Physics masters student Christopher Mandrell said he didn’t get to see the moment when the moon first blocked the sun and a total solar eclipse began because he was too busy shielding a telescope from the sun with his back.
“I turned and my jaw just dropped, shocked,” He said. “[I’ve] seen hundreds of pictures of it training for this, so I knew exactly what it was going to look, like but it didn’t even come close.
As a cloud loomed over Saluki Stadium just moments before the eclipse began, Mandrell, a native of Marion, said that same cloud had just left an area known as the “dark site,” a field at University Farms where many researchers were set up with telescopes.
“From the second totality started till the end, all of our images that we took are crystal clear,” he said. “It was a spectacular data that we were able to collect.”
The team used an 80 mm refractory telescope with a solar lens attached, which was then removed during totality.
Mandrell was part of the Citizen Continental-America Telescopic Eclipse (CATE) Experiment, which recruited students from high schools and colleges, as well as other everyday citizens, in a nationwide project to capture images of the eclipse from its landfall in Oregon to its exit in South Carolina.
The project was composed of 68 groups across the continental United States, with four in or near southern Illinois: one at SIU, one at Bald Knob Cross, one at Giant City State Park and one at Southeast Missouri State University.
According to the experiment’s website, each station captured roughly 1,000 images, which are in the process of being compiled into a 90 minute video that spans the path of the eclipse. While that video has yet to be released in full, the National Solar Observatory, which organized the CATE Experiment, has released a brief 3-second video of 25 images of the eclipse.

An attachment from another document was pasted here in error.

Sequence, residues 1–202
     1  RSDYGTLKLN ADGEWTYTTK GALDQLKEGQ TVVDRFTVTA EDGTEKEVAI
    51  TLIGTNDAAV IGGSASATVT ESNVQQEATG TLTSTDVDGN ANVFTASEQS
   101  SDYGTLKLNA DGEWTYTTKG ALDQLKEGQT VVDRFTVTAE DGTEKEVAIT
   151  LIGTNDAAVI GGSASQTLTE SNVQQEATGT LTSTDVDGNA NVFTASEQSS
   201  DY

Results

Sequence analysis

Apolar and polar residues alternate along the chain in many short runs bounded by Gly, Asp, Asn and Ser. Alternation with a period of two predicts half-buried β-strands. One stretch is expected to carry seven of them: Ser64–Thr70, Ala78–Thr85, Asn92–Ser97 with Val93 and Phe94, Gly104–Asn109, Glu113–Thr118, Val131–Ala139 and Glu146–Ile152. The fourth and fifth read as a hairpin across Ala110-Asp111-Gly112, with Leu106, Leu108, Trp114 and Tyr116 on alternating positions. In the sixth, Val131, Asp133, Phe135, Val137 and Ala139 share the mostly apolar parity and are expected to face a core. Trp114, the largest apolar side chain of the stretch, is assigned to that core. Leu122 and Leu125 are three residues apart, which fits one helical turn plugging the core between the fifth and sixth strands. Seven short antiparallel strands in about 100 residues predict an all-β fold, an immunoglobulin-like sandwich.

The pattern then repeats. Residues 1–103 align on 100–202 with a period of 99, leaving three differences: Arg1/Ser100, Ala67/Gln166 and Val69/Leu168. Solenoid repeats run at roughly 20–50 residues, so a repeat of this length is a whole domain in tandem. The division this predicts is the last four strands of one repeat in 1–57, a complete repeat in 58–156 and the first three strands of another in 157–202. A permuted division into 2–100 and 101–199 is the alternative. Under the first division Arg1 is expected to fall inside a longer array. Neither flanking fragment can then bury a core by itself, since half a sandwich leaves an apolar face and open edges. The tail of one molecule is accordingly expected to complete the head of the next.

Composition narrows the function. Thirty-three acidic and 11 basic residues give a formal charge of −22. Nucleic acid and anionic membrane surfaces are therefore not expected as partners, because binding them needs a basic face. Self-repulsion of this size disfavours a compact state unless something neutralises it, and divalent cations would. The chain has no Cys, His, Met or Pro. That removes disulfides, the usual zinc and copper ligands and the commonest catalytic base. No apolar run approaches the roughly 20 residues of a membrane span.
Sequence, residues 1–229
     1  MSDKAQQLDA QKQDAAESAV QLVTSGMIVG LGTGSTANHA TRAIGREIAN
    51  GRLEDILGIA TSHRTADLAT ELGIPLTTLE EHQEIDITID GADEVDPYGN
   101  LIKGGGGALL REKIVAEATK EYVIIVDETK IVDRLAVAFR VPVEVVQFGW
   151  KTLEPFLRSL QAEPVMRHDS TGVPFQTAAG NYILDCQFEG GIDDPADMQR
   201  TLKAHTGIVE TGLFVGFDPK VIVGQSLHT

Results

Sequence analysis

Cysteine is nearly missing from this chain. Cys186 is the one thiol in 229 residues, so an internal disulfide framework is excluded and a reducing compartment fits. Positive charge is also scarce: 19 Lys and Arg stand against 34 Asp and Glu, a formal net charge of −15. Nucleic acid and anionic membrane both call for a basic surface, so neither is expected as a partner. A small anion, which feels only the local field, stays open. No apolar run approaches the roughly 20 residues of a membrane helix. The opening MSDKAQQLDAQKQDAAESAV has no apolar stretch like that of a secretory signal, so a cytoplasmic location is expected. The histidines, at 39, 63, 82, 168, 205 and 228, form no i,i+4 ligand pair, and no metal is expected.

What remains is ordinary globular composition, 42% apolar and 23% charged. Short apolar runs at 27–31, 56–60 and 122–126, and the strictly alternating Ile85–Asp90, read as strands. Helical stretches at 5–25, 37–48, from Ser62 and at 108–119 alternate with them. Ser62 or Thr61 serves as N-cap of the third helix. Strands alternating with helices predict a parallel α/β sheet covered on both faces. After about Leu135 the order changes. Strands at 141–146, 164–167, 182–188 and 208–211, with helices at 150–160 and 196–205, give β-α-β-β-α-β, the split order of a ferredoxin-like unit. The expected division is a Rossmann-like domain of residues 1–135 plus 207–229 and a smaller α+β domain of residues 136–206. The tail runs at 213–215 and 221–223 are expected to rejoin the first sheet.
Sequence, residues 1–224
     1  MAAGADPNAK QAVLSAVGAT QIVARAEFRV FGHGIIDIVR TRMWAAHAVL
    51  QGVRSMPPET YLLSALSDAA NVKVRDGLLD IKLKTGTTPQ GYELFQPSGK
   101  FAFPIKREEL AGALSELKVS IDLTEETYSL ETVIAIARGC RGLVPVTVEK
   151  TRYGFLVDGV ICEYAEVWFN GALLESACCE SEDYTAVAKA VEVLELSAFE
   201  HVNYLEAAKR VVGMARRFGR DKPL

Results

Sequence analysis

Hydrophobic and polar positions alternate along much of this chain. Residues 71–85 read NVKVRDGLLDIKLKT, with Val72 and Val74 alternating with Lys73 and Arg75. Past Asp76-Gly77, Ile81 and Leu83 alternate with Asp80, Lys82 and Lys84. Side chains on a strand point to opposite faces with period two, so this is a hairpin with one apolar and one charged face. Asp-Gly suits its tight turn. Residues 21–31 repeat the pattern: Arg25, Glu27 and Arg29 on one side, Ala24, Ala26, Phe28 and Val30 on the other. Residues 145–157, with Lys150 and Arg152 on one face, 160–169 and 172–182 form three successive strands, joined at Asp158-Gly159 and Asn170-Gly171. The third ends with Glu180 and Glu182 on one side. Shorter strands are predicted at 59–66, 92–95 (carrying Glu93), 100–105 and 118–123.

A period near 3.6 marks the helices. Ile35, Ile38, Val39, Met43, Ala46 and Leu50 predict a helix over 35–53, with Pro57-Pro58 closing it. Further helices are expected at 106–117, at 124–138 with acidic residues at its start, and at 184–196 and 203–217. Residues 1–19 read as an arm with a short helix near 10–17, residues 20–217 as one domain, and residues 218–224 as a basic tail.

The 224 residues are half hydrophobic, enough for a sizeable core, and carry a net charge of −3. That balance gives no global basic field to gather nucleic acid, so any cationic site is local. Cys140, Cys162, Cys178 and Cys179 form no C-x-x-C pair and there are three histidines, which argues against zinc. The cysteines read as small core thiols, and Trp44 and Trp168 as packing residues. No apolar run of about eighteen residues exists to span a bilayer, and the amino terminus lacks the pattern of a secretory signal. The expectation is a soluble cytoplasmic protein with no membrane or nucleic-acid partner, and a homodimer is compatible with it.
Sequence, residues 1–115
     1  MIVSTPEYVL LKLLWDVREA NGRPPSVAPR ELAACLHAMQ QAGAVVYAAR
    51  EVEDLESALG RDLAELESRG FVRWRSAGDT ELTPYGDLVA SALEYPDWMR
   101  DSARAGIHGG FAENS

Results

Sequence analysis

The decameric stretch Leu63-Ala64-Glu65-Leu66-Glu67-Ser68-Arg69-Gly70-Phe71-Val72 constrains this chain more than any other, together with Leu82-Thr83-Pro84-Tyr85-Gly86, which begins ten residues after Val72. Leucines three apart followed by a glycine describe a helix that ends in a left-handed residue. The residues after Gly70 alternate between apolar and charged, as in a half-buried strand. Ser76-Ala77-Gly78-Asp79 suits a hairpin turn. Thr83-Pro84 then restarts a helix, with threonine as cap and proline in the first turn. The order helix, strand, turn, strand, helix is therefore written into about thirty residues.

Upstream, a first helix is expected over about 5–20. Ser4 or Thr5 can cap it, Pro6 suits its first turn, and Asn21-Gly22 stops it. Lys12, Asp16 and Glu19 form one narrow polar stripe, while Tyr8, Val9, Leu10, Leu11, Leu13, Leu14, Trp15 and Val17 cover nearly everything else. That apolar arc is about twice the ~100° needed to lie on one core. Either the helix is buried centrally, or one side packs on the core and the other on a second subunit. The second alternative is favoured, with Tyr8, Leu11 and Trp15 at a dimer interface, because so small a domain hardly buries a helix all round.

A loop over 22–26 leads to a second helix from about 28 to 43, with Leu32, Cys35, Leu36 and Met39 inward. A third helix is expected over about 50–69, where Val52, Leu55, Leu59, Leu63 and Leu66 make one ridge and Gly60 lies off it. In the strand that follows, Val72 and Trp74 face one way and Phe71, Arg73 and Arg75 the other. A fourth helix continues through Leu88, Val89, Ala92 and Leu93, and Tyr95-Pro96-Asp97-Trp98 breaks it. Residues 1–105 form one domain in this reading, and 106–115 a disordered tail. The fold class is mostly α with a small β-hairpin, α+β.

Mandrell said the team sent the National Solar Observatory initial images within minutes of the end of totality and later sent their full data to the organization.
According to the National Solar Observatory, this test footage is only one percent of all of the data the organization expects to process. It is unknown when that full data will be released, but Mandrell said the organization is working to clean and refine the “junk” from the images and fixing the image alignment.
As a side project, Mandrell also placed an audio device in a spot away from the dark site, at the request of WSIU Radio reporter Kevin Boucher, to see if animals responded to the change in daylight. Boucher said during the few minutes of totality, animals and insects that usually come out at night began to make noise.
And after a year and a half of preparing, Mandrell’s part in the experiment is over.
“When I first came in, I didn’t really know anything about it,” he said. “I just thought, ‘It’s a neat thing to do.'”
Mandrell said that all began to change as the eclipse neared and he continued to prepare and meet with many other researchers who were all equally excited about the eclipse and eager to see it spark public interest in science.
Seven years from now, Mandrell said he wants to sit back and enjoy the 2024 solar eclipse as a visitor.
“I couldn’t really put into words my emotions, other than just a lot of hooting and hollering and high-fiving people,” he said. “How do you put that in words, that experience? I don’t know.”
Staff writer Cory Ray can be reached at firstname.lastname@example.org or on Twitter @coryray_de.
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